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Toxicological information

Basic toxicokinetics

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Administrative data

Endpoint:
basic toxicokinetics in vivo
Type of information:
migrated information: read-across from supporting substance (structural analogue or surrogate)
Adequacy of study:
weight of evidence
Reliability:
2 (reliable with restrictions)
Rationale for reliability incl. deficiencies:
study well documented, meets generally accepted scientific principles, acceptable for assessment

Data source

Reference
Reference Type:
publication
Title:
The distribution of 14C caprolactam in male, female and pregnant mice
Author:
Waddell WJ, Marlowe C and Friedman MA
Year:
1984
Bibliographic source:
Fd Chem. Toxic.

Materials and methods

Objective of study:
distribution
Test guideline
Qualifier:
equivalent or similar to
Guideline:
OECD Guideline 417 (Toxicokinetics)
Deviations:
not specified
GLP compliance:
not specified

Test material

Reference
Name:
Unnamed
Type:
Constituent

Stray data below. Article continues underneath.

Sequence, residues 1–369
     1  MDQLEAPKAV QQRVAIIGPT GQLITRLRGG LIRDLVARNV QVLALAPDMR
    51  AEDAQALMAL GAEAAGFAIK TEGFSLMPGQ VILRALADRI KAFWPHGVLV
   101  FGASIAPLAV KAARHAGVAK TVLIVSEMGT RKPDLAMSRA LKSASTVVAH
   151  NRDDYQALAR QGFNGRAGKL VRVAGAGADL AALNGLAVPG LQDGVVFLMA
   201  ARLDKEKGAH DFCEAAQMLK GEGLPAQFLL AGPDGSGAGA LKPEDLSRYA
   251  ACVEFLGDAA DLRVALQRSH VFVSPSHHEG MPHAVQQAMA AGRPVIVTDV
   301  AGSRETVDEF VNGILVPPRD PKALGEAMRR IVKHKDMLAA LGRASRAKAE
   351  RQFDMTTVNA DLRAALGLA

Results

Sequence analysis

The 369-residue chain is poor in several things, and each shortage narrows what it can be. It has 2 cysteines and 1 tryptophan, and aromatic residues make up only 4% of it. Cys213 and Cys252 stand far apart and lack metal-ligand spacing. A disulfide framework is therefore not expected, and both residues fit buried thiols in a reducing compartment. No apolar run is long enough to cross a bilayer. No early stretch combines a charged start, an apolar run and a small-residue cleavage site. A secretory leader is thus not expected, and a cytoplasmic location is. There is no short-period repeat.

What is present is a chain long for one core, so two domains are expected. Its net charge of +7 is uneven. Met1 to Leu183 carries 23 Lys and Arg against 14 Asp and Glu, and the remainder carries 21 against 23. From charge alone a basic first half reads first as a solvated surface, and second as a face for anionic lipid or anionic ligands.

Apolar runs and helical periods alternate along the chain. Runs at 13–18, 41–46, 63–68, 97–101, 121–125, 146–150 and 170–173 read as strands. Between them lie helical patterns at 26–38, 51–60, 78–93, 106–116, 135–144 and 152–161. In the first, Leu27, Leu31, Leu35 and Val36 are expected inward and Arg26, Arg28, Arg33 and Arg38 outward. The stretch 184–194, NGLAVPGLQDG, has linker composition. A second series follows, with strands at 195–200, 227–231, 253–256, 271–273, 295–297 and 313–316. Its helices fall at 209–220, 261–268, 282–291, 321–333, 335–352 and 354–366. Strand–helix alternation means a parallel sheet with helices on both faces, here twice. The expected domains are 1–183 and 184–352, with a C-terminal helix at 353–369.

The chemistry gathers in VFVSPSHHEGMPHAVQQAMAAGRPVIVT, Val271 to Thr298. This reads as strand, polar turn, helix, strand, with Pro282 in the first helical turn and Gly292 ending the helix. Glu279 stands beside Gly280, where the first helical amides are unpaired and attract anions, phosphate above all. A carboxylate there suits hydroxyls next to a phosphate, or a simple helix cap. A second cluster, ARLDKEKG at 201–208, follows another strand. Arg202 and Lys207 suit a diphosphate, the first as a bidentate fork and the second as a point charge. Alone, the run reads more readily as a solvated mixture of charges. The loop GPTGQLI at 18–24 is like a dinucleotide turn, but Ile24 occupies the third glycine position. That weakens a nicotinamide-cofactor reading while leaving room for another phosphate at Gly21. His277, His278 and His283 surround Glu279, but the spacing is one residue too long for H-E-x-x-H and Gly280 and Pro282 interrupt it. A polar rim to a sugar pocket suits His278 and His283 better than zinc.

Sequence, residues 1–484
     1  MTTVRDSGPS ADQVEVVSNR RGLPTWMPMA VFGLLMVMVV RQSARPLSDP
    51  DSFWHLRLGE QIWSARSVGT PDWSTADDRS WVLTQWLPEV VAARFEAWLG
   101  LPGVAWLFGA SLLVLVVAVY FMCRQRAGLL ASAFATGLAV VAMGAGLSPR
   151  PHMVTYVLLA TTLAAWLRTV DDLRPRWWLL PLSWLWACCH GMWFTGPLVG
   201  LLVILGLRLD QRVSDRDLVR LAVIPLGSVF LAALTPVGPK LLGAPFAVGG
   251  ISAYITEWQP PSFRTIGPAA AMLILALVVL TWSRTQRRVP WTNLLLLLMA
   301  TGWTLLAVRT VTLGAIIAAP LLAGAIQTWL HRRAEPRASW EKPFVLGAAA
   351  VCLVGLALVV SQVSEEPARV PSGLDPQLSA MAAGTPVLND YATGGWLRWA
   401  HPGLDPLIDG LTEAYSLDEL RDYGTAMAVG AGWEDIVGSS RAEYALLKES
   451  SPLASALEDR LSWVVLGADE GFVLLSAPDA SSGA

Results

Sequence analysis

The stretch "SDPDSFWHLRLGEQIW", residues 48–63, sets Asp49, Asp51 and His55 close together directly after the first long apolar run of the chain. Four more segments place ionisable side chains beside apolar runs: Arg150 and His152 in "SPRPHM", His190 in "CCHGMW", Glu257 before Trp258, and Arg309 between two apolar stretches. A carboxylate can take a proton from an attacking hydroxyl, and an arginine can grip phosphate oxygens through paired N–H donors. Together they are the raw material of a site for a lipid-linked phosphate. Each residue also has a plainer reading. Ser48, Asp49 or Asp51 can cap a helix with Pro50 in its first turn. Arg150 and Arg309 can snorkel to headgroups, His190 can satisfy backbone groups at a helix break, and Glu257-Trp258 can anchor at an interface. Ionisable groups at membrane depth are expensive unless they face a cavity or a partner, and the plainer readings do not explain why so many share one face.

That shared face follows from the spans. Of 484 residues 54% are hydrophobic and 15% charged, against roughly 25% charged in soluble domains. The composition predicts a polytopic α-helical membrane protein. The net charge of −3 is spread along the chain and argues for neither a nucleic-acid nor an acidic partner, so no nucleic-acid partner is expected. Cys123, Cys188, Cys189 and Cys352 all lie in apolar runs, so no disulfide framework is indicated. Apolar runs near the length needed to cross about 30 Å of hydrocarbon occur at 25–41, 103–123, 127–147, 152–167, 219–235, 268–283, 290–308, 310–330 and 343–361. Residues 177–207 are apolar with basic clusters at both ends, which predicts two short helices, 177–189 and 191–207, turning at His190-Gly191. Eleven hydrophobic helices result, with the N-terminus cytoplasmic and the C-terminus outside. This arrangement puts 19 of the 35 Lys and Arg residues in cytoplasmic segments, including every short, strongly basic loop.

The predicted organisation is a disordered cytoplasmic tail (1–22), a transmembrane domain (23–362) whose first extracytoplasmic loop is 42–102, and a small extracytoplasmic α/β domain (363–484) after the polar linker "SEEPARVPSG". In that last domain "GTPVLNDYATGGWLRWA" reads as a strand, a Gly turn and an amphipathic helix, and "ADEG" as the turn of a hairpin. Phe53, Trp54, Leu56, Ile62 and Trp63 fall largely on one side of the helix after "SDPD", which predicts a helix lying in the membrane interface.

Details on test material:
[Carbonyl-14C]caprolactam prepared by New England Nuclear (Boston, MA); specific activity 46.9 µCi/mg
Radiolabelling:
yes
Remarks:
[Carbonyl-14C]caprolactam

Test animals

Species:
mouse
Strain:
Swiss Webster
Sex:
male/female
Details on test animals and environmental conditions:
animals: Swiss-webster mice (male/female) from Laboratory Supply Co.
food: standard food (Purina Lab Chow No. 5001; Ralston Purina Co. Inc., St. Louis, MO)
water: ad libitum
mating procedure: male mouse remained overnight in a cage containing 4-6 females; following morning the male was removed; female mice with vaginal plugs were considered to be 0.5 days pregnant at noon on this day

Administration / exposure

Route of administration:
other: oral administration and i.v. administration
Vehicle:
other: water (oral administration); saline (i.v. administration)
Details on exposure:
female pregnant mice:
- on Day 14.5 of gestation adminstration by oral intubation of 6.5-6.7 mg [14C]caprolactam/kg (= 11-14 µCi/mouse) to 5 female pregnant mice (36. 0-45.0g bw)
- mice were frozen by immersion in into dry ice/hexane bath (-75°C) 20 min, 1, 3, 9 and 24 hours after administration

female none-pregnant mouse:
- one mouse (33.5 g bw) was given 6.6 mg [14C]caprolactam/kg (= 10.3 µCi) by oral intubation and was frozen in the above described way 3 hours later.

male mice:
- 6.4-6.9 mg/kg (=7.1-8.2 µCi/mouse) of [14C]caprolactam was injected i.v. in two male mice (23-25 g bw)
- mice were frozen 20 min and 9 hours later
Duration and frequency of treatment / exposure:
female pregnant mice:
- once for 20 min, 1, 3, 9 and 24 hours respectively